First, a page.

JOHANNESBURG — The Steinhoff accounting scandal continues to reverberate, months after ex-CEO Markus Jooste dramatically quit the company. As part of the collateral damage, Steinhoff Africa Retail (STAR) found itself also reeling from the fallout. But STAR has started to recover as it focuses on building out its clothing business. In fact, STAR has moved on to such an extent that it’s changed the location of its office premises as well as its email addresses. The next major change looks to be a name change. – Gareth van Zyl
(Bloomberg) — Few can honestly claim to have never been embarrassed by their parents.
Yet for Steinhoff Africa Retail Ltd., there’s more at stake than just an awkward silence when an outdated remark falls flat. The continent’s biggest seller of clothing was left mortified in December, when majority shareholder Steinhoff International Holdings NV reported accounting wrongdoing that wiped 90 percent off the parent company’s market value.
STAR, as the South African retailer is known, was initially dragged down by the panic that ensued from the revelations, plunging more than 30 percent in two days. The reputation risk was compounded by Steinhoff’s announcement that STAR had agreed to gradually repay 16 billion rand ($1.3 billion) of debt to shore up its parent’s liquidity. However, the stock has since clawed back more than half the deficit as investors acknowledge that its own 2017 financials have been audited and are apparently untainted by the scandal.
Now the Cape Town-based retailer is trying to distance itself further from Steinhoff International.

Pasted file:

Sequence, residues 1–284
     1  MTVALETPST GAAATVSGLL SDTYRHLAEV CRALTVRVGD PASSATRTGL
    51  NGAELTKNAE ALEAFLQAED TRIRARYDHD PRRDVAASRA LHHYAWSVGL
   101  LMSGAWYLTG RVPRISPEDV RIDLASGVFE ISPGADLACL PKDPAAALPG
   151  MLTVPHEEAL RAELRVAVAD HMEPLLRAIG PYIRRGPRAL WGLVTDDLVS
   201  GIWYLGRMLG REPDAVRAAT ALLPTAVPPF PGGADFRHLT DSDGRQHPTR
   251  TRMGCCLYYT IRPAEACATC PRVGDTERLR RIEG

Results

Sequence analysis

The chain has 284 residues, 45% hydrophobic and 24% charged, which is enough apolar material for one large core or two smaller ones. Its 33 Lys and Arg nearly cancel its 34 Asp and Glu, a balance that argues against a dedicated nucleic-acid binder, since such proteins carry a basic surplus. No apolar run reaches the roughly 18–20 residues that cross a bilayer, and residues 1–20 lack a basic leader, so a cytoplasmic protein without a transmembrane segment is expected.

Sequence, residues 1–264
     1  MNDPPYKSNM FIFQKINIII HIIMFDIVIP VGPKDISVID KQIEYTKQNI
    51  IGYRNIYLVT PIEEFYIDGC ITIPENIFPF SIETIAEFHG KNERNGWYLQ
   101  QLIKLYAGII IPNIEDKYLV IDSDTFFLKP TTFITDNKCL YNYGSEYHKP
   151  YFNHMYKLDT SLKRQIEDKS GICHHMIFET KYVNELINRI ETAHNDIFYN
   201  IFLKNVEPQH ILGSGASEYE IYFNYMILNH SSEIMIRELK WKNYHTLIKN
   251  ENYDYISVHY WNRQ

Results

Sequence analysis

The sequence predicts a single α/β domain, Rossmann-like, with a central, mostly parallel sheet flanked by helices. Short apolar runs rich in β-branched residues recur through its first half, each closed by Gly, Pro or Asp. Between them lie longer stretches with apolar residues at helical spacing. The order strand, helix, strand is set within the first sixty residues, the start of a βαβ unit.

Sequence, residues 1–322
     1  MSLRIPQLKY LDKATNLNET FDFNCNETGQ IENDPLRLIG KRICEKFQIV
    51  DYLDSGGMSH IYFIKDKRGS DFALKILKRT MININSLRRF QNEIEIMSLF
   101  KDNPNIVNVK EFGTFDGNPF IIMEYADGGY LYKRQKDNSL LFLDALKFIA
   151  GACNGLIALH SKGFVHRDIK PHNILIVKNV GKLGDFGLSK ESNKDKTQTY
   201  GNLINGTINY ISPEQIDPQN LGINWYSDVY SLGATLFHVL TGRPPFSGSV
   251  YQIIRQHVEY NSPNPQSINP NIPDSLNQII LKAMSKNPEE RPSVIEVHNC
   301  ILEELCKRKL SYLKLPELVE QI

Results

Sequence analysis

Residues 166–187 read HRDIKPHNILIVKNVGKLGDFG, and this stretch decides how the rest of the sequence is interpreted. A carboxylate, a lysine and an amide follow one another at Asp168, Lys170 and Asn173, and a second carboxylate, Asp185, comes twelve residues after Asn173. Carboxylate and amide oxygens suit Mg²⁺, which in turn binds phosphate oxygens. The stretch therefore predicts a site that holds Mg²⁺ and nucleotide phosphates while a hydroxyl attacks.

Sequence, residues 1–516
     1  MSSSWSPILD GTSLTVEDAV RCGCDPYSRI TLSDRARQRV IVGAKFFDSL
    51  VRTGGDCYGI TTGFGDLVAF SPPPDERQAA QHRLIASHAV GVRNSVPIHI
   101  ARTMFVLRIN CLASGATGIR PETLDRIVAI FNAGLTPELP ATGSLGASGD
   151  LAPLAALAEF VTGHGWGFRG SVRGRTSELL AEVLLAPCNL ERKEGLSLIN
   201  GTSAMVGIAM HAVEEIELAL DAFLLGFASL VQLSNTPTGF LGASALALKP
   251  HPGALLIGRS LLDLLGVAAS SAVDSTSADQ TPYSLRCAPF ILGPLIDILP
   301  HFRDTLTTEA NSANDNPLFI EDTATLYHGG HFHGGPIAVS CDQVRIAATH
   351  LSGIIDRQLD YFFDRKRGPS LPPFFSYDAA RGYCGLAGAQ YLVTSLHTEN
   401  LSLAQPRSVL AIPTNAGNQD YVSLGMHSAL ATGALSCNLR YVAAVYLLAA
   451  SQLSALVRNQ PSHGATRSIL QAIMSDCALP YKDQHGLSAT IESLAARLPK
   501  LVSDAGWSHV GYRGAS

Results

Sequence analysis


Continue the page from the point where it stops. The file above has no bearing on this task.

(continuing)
Chairman Jayendra Naidoo is considering a name change and over-seeing a hunt for new non-executive directors that have no connection whatsoever with Steinhoff. At an airport hotel in Cape Town Thursday, he stressed to shareholders that STAR is independent and wants a board that represents all investors, even though Naidoo himself was previously on Steinhoff’s payroll. Before the accounting scandal broke, STAR shared six directors with its parent company and “was very much an offspring,” Naidoo said.
Steinhoff, which owns chains including Mattress Firm in the U.S. and Conforama in France, spun off the STAR operations into a newly listed entity in September. At the time, CEO Markus Jooste — who has since quit and been referred to an anti-corruption police unit — said the move was to give investors a choice of retail operations in developed or emerging markets. STAR’s stock surged 20 percent from its listing until its parent’s crisis.
STAR’s first move was to announce the departure of CEO Ben La Grange, who was Steinhoff’s CFO during the years that the alleged wrongdoing took place. He was replaced by Chief Operating Officer Leon Lourens, an alumni of clothing chain Pep, which Steinhoff bought from billionaire Christo Wiese in 2015. Naidoo quit the Steinhoff board in January.
At the Thursday annual general meeting, Lourens joined his chairman in highlighting STAR’s independence. Since January, the company’s investor relations team has moved from Steinhoff’s offices in picturesque Stellenbosch to Parow, a nondescript Cape Town suburb where Pep was headquartered and Wiese still works. The email address has been changed from @steinhoff to @star-group.
“The events of the past few months have been quite eventful and interesting to say the least,” Lourens said. “One can almost not imagine that so much has happened in such a short space of time for a newly listed company. It’s been quite challenging and dominated by events that have very little, if anything, to do with retail.”
Steinhoff Africa shares rose 0.9 percent to 22 rand by the close in Johannesburg, valuing the company at 75.9 billion rand ($6.4 billion)